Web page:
Columbus janitors commence strike []

by Steve Palm-Houser, September 25, 2013.

Janitors who were scheduled to clean offices in the Lazarus building downtown did not show up for work yesterday. “Because of unfair labor practices by companies like Professional Maintenance and ABM, janitors have made the decision to go on strike,” said Tyler French of SEIU Local 1, the union that represents the janitors, at a rally outside the Lazarus building yesterday afternoon.

In response to the janitors’ organizing for a better contract, their employers have threatened and intimidated them — conduct that is prohibited by the National Labor Relations Act, French said. “The building owners need to take into account whether the companies they hire to clean their buildings are violating federal law.”

Any building in Columbus where contractors are engaging in similarly unlawful conduct could be next in a rolling strike across the city, the union said.

The Columbus Area Service Contractors Association, which represents seven companies who clean downtown office buildings, wants to freeze janitors’ wages until 2015 and cut the number of full-time workers from 70 percent to 15 percent, leaving “hundreds of janitors with fewer hours and without company health insurance,” the Columbus Dispatch reported.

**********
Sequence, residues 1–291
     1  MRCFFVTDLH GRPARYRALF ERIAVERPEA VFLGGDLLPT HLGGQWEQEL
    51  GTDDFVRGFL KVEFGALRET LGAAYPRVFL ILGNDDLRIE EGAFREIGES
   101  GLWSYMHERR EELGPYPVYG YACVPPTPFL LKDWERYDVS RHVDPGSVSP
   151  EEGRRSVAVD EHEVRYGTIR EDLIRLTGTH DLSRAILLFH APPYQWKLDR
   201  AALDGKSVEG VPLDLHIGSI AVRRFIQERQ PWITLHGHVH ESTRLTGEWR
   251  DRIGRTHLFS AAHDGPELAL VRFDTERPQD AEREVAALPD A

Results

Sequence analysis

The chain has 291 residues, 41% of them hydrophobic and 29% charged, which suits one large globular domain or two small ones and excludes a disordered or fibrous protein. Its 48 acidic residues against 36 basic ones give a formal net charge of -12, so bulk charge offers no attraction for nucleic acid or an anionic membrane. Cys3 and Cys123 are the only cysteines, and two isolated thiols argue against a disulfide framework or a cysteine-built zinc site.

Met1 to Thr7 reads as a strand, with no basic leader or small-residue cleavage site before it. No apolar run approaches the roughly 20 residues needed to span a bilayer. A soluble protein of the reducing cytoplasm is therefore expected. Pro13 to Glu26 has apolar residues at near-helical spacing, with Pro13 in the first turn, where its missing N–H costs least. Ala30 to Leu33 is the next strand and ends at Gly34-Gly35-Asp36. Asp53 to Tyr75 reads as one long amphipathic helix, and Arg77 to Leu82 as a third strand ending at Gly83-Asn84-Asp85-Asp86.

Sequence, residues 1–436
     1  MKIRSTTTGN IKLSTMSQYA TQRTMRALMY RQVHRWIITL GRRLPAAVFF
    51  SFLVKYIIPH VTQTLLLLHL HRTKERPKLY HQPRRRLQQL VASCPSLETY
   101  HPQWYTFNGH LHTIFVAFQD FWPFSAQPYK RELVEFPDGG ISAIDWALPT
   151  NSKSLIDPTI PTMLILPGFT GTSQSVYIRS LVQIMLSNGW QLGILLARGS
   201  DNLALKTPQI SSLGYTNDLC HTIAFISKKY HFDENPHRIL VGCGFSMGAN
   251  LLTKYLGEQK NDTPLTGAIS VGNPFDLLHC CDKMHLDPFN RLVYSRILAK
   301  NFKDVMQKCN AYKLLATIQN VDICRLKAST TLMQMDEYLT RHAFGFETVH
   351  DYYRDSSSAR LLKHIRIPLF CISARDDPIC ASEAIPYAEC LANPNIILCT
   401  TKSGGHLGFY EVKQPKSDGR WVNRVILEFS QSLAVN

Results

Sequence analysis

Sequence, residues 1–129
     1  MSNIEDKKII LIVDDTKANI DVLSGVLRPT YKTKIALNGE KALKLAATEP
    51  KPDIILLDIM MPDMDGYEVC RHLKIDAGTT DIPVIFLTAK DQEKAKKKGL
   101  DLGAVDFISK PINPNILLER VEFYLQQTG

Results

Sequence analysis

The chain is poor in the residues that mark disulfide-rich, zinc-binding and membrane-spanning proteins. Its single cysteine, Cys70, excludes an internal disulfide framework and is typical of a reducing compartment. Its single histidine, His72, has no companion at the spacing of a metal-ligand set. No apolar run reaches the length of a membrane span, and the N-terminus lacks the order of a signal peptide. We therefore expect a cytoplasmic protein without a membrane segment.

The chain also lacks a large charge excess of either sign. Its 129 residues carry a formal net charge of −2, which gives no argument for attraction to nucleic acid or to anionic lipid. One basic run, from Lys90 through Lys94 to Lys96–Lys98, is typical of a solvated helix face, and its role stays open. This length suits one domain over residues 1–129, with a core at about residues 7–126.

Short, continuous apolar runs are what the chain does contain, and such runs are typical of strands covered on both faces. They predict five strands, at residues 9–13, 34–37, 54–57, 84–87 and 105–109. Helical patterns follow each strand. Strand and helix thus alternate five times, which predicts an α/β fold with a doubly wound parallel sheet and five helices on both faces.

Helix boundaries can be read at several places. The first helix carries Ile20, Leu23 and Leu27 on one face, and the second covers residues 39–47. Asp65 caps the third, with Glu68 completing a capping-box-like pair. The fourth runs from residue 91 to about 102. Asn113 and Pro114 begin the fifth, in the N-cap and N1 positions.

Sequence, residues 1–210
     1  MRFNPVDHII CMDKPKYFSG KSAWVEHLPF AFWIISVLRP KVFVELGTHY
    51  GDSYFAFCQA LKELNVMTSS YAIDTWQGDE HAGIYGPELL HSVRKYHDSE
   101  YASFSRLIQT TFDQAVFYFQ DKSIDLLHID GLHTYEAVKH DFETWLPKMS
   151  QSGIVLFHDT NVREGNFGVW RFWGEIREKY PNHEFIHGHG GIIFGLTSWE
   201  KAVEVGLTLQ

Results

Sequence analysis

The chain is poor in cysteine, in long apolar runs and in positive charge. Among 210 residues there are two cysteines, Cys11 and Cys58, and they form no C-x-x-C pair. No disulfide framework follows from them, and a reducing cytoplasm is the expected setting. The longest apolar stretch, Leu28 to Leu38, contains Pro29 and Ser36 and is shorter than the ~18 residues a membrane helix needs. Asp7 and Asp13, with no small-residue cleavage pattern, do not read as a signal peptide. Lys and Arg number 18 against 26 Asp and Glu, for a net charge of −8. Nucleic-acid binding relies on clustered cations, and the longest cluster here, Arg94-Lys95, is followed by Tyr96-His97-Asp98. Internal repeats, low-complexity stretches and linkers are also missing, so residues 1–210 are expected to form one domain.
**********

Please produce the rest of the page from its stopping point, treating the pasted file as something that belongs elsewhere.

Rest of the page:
“This was a very hard decision for us to make, but we are doing what we have to do,” said Phillip Rudolph, a janitor at the Lazarus building. “We are standing up for a wage that will allow us to support our families. And in response we are being punished and harassed. So we decided together that we have to stand up for what’s right.”

“Once more we ask contractors to return to the bargaining table in good faith,” said Rhonda Johnson, president of the Columbus Education Association. “What the janitors are asking for is, in our judgment, modest and reasonable. A fair contract agreement would go great lengths to promote justice for janitors and good jobs for our city.”

“Over the last two years of the collective bargaining agreement, many of our employees have received wage increases totaling over 18 percent, as well as paid vacation and holiday time and other benefits,” said Tim Reilly, lead negotiator for the Columbus Area Service Contractors Association. “The union’s latest proposal failed to recognize these prior substantial increases received by employees.”

The association would not elaborate on how many of the janitors received an 18 percent raise, or what their wages were before the increase.

Contract talks between the janitors and the cleaning contractors are scheduled to resume today.

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